The size of the Console itself also contributed to slow load times. With multiple products tied together as a micro frontend, each product had a unique script tag required to be server side rendered. Even for very closely related products, say, phone and MMS, any time users crossed the product boundary, fetching data required a full refresh on the page.

In order to avoid paying that penalty, Twilio noticed that Console users were keeping multiple tabs open for each relevant product. It wasn’t providing the all-in-one, frictionless interface they hoped to deliver.

Building for Scale: Twilio’s Migration to the Jamstack

With these challenges mounting up and even more products forthcoming from Twilio, the Console team knew they needed a way to scale and manage their development work.

The solution? The Jamstack.

Jamstack is an architecture designed to make the web faster, more secure, and easier to scale. It builds on many of the tools and workflows that developers love and brings maximum productivity. The core Jamstack principles of pre-rendering and decoupling enable sites and applications to be delivered with greater confidence and resilience than ever before.

By adopting the Jamstack architecture, the Twilio Console would achieve two main goals:

  1. Performance improvements: Jamstack applications serve as much content as possible as static assets on a globally distributed CDN, which leads to performance improvements
  2. Better development workflows: By using Netlify to run their Jamstack application, the new Twilio Console would offer out-of-the-box collaboration tools and easy methods for code review.

Twilio’s Jamstack Migration Results

The new console, what Harnisch refers to as Console 3.0 today, is a Jamstack application in a monorepo, hosted on Netlify. Instead of having to send that first initial render for index.html through the US, they serve all those assets through Netlify's High Performance Edge Network. Netlify Edge is distributed like a CDN, which means Twilio can meet the customers where they are. For customers in the Asia-Pacific region, populating index.html had previously required two hops over the Pacific Ocean. Now it feels instantaneous.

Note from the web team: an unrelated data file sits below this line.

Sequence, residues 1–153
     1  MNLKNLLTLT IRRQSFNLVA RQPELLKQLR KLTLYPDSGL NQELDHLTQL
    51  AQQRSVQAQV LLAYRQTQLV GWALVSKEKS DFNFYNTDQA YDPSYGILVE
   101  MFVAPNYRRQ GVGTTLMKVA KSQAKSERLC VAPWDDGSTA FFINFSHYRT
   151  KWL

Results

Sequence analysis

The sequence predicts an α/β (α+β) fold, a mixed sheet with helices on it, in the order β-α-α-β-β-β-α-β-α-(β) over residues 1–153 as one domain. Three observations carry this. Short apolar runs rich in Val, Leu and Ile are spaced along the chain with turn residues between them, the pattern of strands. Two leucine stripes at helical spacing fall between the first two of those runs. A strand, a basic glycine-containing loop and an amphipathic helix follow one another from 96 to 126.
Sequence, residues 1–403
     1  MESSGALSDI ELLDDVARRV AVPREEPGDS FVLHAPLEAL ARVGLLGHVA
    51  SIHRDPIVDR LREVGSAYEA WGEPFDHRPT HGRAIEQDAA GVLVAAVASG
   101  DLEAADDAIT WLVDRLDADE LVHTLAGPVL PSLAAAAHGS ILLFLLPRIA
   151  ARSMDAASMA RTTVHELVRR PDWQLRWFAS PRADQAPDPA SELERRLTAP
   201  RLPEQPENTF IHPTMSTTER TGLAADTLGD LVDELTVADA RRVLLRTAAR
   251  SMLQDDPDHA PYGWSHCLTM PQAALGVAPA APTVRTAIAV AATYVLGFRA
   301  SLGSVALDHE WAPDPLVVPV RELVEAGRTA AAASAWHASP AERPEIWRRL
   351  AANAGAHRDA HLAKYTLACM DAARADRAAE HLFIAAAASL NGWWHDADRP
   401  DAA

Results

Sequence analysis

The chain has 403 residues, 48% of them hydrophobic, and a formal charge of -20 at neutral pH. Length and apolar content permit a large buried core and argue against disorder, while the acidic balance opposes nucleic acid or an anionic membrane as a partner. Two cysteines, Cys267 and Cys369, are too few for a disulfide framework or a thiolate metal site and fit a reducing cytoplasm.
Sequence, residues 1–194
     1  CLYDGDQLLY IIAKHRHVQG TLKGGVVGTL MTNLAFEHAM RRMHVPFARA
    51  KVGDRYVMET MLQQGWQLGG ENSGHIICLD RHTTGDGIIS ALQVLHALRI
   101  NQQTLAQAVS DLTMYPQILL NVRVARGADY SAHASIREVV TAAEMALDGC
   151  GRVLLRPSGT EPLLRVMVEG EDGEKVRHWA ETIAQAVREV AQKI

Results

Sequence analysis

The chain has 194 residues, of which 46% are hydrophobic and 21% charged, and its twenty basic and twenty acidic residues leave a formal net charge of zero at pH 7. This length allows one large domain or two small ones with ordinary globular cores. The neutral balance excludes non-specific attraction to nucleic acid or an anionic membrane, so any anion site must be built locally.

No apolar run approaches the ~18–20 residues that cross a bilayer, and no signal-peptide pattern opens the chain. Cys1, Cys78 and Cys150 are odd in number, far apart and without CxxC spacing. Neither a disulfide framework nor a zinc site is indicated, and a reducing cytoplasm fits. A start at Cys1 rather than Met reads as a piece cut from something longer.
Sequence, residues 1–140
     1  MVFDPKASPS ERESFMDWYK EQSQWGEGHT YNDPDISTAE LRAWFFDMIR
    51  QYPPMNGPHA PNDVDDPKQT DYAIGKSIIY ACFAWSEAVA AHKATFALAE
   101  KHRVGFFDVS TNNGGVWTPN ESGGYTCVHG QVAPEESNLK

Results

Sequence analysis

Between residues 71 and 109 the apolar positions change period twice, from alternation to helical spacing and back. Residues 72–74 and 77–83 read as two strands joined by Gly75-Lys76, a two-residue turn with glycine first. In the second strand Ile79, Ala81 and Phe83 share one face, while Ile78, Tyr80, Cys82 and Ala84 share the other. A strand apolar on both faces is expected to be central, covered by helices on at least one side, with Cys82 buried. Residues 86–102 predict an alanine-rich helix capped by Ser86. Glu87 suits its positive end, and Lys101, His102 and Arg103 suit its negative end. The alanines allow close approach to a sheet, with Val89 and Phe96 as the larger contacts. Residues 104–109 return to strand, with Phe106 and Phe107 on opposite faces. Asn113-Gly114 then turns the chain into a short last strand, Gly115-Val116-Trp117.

The team opted for an incremental migration approach, which enabled each product to migrate their pages to the Jamstack on their own timeframe. Some legacy Console pages still built in PHP or Scala are actually iframed—yes, iframed—into the application to populate the Console with the right data at the right time. This allowed the Twilio team to bridge the gap between legacy and modern infrastructure:

“What this allows us to do is have an incremental migration path for teams. We can start realizing the value early-on rather than one style of migration, which is to migrate the whole thing and then switch that to customers. That style of migration tends to take years to start to see value, and that can often be too long.”

They’ve achieved those two goals and more. Here’s what they’re seeing so far:

Deploy Previews Lead to Better Cross-Team Collaboration

After migrating, Twilio immediately saw an uptick in their collaboration, both within the Engineering organization and across other teams. As Harnish explains, this is mostly due to Netlify Deploy Previews, which make for quicker validation on code reviews. Deploy Previews effectively offer Twilio “a near infinite number of staging environments,” all accessible from a simple URL.

The result? Now, non-technical collaborators can easily give feedback. Deploy Previews remove the need for a development or local environment to QA. This means anyone with the URL can have access to an atomic version of the project. And with collaboration tools like the ability to screenshot, annotate, and even record video feedback, Deploy Previews make collecting feedback from non-technical stakeholders a breeze.

“Collaborative Deploy Previews are an excellent feature from Netlify. We’re seeing designers start to give us feedback… by taking screenshots and annotating them… and that ends up right in the pull request.”